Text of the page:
| LYTHAM ST ANNES, England, July 21
LYTHAM ST ANNES, England, July 21 Golfing great
Gary Player says British Open organisers should ditch their
policy of allowing mobile phones on site, which is irritating
players and marshals.
Crowds following 14-times major champion Tiger Woods around
Lytham on Friday forced the American to back off several shots
during his second round, much to the dismay of South African
"It's tough on the marshals. They've got to be detectives as
well as direct crowds and keep them quiet?" the nine-times major
champion told Reuters on Saturday as the third round began.
"Augusta just say nobody brings a cellphone in and boy, you
don't take one in. You just don't see it," he added in reference
to the Masters, the year's first major in April.
British Open organisers the Royal & Ancient banned the use
of mobile phones on site after Woods won his most recent of
three Opens at Hoylake in 2006.
They announced in April that phones would be permitted at
the Lancashire links but marshals are having to work double time
as they try to stop paying fans photographing their golfing
"We understand there will be concerns over this change in
policy but will be liaising with spectators at the Championship
to ensure calls are not taking place near play," R&A chief
executive Peter Dawson said earlier this year.
With the growth of smart phones however almost every modern
mobile has an inbuilt camera.
Though more discreet than a professional camera there is no
denying their inconvenience, Woods's caddie Joe LaCava and
hawk-eyed marshals constantly scanning the masses to warn people
photography is not allowed.
"You've got to do what they do at the Masters, it's very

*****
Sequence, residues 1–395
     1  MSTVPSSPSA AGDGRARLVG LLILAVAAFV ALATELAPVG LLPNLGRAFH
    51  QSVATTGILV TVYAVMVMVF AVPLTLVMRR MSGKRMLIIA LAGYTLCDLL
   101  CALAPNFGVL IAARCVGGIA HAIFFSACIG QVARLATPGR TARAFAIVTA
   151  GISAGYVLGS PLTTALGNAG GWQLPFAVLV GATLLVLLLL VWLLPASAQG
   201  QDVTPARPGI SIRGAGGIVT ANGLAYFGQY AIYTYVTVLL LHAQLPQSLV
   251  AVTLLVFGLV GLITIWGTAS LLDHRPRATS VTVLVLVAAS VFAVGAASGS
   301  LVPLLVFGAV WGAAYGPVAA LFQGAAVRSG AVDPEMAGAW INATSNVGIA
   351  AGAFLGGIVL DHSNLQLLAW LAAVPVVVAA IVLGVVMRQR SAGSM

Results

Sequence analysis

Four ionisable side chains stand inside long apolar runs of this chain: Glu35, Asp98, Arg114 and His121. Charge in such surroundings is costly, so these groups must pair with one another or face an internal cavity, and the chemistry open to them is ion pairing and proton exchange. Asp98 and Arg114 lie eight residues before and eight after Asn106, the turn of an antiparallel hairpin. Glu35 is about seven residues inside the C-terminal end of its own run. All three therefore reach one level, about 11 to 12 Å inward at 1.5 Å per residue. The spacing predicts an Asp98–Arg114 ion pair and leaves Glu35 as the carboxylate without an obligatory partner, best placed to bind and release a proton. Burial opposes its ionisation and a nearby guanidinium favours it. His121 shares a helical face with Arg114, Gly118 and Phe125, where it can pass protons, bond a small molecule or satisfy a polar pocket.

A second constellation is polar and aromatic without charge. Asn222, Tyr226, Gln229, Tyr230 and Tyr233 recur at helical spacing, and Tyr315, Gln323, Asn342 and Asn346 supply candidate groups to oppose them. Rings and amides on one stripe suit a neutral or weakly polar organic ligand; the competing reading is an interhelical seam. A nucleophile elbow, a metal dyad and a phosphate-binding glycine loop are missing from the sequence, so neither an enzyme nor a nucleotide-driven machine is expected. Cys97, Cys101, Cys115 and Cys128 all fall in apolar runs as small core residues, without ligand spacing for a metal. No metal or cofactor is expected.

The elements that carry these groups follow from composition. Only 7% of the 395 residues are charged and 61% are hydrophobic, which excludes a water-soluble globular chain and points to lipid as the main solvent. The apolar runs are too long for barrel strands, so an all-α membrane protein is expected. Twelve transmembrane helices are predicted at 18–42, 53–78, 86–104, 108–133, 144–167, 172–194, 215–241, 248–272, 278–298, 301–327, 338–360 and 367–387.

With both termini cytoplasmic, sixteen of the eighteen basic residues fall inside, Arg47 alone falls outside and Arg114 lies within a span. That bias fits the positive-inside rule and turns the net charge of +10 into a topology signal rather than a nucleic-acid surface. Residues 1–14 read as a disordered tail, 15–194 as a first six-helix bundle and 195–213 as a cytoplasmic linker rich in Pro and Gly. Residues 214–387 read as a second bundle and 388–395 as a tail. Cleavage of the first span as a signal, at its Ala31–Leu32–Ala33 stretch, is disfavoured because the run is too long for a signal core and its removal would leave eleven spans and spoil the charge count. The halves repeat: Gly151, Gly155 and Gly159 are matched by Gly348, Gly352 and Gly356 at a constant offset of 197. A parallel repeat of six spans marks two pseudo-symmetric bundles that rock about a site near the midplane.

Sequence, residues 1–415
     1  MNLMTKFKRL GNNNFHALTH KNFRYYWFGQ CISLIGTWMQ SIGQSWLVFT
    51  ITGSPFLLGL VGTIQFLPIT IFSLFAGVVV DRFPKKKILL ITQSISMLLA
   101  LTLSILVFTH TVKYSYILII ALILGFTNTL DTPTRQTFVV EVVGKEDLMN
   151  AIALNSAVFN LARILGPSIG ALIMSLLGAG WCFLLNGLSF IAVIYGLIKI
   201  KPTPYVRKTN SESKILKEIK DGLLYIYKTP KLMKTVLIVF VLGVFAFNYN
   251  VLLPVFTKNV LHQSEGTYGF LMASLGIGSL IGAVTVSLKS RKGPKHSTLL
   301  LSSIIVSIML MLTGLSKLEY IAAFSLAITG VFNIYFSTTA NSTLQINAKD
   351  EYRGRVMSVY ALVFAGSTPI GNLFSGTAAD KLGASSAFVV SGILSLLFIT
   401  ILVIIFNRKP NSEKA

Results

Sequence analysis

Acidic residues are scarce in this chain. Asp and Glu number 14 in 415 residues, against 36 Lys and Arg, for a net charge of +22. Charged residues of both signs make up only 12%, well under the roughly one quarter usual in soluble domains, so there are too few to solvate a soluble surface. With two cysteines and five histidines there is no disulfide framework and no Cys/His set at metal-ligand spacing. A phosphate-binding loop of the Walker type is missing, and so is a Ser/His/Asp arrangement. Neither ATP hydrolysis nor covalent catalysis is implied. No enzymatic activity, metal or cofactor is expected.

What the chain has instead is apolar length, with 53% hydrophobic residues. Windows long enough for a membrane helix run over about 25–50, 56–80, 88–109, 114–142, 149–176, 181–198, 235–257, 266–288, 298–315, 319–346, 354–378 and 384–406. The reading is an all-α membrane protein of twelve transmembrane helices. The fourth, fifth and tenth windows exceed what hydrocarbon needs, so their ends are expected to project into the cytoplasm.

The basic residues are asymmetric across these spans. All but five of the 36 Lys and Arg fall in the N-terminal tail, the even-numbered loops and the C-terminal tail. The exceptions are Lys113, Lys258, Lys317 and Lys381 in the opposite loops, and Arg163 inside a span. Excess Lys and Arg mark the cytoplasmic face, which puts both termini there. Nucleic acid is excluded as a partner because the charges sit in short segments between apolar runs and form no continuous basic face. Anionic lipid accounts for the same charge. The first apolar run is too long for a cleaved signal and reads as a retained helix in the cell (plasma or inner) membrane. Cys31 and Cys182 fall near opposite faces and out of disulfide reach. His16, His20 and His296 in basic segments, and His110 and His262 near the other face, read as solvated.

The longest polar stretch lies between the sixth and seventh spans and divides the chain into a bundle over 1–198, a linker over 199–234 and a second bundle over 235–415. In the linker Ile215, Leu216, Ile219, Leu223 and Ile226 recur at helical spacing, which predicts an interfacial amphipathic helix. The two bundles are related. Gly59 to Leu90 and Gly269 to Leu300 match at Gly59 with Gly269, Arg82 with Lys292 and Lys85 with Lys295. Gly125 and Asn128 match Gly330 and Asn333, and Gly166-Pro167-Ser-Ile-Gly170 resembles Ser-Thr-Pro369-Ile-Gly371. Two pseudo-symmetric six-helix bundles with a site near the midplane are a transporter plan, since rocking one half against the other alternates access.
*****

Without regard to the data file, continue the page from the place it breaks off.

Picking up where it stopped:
simple. It's a matter of organisation," said Player, munching on
The 76-year-old fitness fanatic, nicknamed the 'Black
Knight' for his all-black outfits, said players generally learn
to deal with cameras but it is not easy.
"Top of your backswing and a guy clicks, the fact that
you've heard it means that your mind has been directed to that
particular point," the 1974 Lytham champion said.
"It makes it tough."
Player recalled that he too had to back off shots "lots and
lots of times" during his prime from his first major win at the
British Open in 1959 to his final major, the 1978 Masters.
"When I was practising I had people around me to scream and
shout," he said, having moved on to an avocado.
Player did not lament the increasing amount of media that
follow players especially at the year's four major
"If you don't have the media, you don't have a tour, and you
don't have sponsors.
"I was always lectured as a young man growing up that we had
to survive. There wasn't money. So I never turned an interview
down," said Player, who has travelled enormous distances
throughout his career to promote the sport.
(Edited by Alastair Himmer)